June 25, 2015

Photo Journal: Trees Around America

“Gentle Giants” Heritage Sycamores at Tlaquepaque: Arts and Crafts Village, Sedona Arizona. These beautiful trees were saved by people in Sedona from a road expansion project.


“Hanalei Coconut Tree” on the hilltop of the taro fields in HanaleiKauai. Haraguchi Farm is a 5th generation Taro farm seen below.


“Red Rock Tree”: Twisted juniper tree overlooking Cathedral and Courthouse Rock. Sedona, AZ. At a stop on Upper Red Rock Road Loop Drive in the early evening. The small twisted juniper is in the same visual key as the magnificent red rocks.

American Forests is having a tree photo contest. Here's a link if you would like to enter. Or see their flickr page to view all the beautiful trees.



June 19, 2015

Color Palette: Monet's Sense of Light

Color palette from Claude Monet's Painting: "Stacks of Wheat (End of Summer), Art Institute of Chicago. 

Color palette from Claude Monet's Painting: "Stacks of Wheat (Sunset, Snow Effect), Art Institute of Chicago. 


Monet was a master of light through color. Just by looking at the color palettes you can feel the change of seasons. (I grew up going on field trips to the Art Institute of Chicago where they have a collection of beautiful Impressionist paintings.) I've collected some other examples of Monet's paintings on a pinterest board. VIEW BOARD

What is your favorite Monet painting?



May 5, 2015

Artistic Connections: Schoenmaeker, Mondrian and Calder



Dutch artist Piet Mondrian (1872-1944) was influenced by Dutch mathematician M.H.J. Schoenmaeker (1875-1944); whose writings discussed the importance of horizontal and vertical lines along with the idea that only three colors existed: “yellow radiates, blue ‘recedes’ and red floats.”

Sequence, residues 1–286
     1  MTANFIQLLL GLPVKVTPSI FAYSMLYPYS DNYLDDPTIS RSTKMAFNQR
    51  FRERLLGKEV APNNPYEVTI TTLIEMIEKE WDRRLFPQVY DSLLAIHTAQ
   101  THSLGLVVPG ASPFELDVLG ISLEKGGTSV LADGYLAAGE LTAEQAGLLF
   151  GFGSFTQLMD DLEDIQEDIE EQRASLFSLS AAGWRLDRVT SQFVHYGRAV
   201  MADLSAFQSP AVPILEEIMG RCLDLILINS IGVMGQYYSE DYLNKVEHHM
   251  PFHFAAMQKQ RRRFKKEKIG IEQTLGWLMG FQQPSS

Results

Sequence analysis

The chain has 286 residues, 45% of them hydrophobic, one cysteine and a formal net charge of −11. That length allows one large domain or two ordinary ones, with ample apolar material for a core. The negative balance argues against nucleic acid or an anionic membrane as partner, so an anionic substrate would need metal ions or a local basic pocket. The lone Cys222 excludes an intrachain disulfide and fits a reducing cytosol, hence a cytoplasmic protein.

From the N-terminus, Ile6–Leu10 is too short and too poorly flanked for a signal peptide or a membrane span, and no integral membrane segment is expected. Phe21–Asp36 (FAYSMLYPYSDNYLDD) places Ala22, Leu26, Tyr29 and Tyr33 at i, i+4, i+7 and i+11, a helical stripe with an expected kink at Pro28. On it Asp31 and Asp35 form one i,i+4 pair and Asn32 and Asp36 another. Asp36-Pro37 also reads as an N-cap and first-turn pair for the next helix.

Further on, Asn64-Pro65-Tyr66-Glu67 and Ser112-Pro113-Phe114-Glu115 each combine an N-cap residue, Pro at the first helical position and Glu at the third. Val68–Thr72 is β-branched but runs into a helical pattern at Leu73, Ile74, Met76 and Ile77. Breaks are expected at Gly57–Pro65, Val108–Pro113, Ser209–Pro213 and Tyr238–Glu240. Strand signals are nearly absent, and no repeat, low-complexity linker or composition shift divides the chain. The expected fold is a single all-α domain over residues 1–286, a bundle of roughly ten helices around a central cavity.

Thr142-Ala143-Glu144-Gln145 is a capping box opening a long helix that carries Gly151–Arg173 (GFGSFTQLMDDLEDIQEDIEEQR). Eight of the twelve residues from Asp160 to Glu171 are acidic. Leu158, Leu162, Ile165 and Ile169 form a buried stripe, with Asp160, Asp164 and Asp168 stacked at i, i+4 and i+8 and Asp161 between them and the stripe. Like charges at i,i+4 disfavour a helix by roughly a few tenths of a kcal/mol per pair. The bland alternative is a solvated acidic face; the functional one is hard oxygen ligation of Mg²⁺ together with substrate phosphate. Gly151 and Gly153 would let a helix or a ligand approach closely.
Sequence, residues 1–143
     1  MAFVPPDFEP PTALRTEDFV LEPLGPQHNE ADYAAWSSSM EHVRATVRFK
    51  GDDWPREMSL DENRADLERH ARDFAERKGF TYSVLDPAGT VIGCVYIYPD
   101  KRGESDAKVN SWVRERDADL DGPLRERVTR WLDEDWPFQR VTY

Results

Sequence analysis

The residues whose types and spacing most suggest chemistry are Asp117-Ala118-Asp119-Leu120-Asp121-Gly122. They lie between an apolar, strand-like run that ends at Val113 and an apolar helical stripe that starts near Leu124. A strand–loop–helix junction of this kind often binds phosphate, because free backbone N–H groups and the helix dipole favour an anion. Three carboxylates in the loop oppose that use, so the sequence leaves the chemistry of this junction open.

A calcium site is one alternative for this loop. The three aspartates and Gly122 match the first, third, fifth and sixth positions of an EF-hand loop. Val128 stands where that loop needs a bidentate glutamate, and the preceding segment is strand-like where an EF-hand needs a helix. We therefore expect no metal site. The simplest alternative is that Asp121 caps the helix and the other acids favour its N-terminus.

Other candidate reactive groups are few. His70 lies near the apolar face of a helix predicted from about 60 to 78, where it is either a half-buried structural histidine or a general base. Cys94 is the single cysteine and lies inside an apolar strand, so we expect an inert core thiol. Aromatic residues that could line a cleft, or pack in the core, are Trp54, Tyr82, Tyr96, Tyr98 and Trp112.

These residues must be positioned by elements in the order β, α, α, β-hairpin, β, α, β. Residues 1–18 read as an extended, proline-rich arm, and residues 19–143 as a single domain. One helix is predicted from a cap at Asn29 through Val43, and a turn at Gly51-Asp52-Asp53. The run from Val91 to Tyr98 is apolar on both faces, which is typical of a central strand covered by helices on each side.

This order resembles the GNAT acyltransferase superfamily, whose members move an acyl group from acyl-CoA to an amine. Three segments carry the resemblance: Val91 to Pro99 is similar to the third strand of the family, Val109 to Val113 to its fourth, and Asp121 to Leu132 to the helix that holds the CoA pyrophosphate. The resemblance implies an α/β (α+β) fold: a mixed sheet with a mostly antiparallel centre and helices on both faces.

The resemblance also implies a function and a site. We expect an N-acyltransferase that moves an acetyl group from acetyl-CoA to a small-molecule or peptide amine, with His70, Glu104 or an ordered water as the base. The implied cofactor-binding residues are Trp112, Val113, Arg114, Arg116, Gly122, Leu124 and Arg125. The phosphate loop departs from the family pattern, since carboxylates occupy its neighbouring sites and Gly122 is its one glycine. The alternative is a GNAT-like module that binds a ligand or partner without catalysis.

In Mondrian’s abstract paintings he used black lines on a white field to create compositions where he balanced red, blue and yellow squares and rectangles. Mondrian wrote,”...the essential thing is that colors be free of all individuality and individual sensations, and that they only express the composed feeling of the universal.”


Eagle, 1971. Alexander Calder. Olympic Sculpture Park, Seattle WA.  Seattle Museum of Art.


In 1930, American artist Alexander Calder (1898-1976) visited Mondrian’s studio in Paris. “The one visit gave me a shock that started things...so now, at 32, I wanted to paint and work in the abstract.” Calder went on to work with Mondrian’s color palette too. “I have chiefly limited myself to the use of black and white as being the most disparate colors. Red is the color most opposed to these, and then, finally, the other primaries.”

Below is a link to my pinterest page showing samples of their work. It’s fun to see them together. (Calder’s favorite color was red and he was frequently seen wearing his red flannel shirt from LL Bean.)

RESOURCES:
• Calder’s Universe by Jean Lipman. Running Press.
• Piet Mondrian, editor Jose Maria Faerna. Harry N. Abrams, Inc. Publishers.
• “Alexander Calder”, Boca Raton News, December 13, 1970. 



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